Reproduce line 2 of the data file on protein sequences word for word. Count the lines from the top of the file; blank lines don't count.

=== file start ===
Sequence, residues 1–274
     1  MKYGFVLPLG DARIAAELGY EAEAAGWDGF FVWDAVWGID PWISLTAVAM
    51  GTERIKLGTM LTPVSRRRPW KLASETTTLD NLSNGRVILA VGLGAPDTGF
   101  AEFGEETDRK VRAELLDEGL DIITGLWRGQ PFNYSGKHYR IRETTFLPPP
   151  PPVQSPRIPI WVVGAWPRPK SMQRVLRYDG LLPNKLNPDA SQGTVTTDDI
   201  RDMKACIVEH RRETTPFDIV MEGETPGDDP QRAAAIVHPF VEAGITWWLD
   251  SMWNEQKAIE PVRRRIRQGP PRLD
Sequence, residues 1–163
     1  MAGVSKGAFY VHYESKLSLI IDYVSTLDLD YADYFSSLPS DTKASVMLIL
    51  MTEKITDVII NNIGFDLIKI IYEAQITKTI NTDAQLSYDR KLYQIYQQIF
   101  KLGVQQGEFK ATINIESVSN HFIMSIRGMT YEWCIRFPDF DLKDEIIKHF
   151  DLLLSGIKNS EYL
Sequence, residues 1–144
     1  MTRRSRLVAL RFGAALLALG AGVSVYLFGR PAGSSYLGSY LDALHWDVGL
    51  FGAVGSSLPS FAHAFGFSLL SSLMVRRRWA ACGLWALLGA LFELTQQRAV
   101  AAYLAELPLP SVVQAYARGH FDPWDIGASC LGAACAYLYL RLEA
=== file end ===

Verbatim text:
     1  MKYGFVLPLG DARIAAELGY EAEAAGWDGF FVWDAVWGID PWISLTAVAM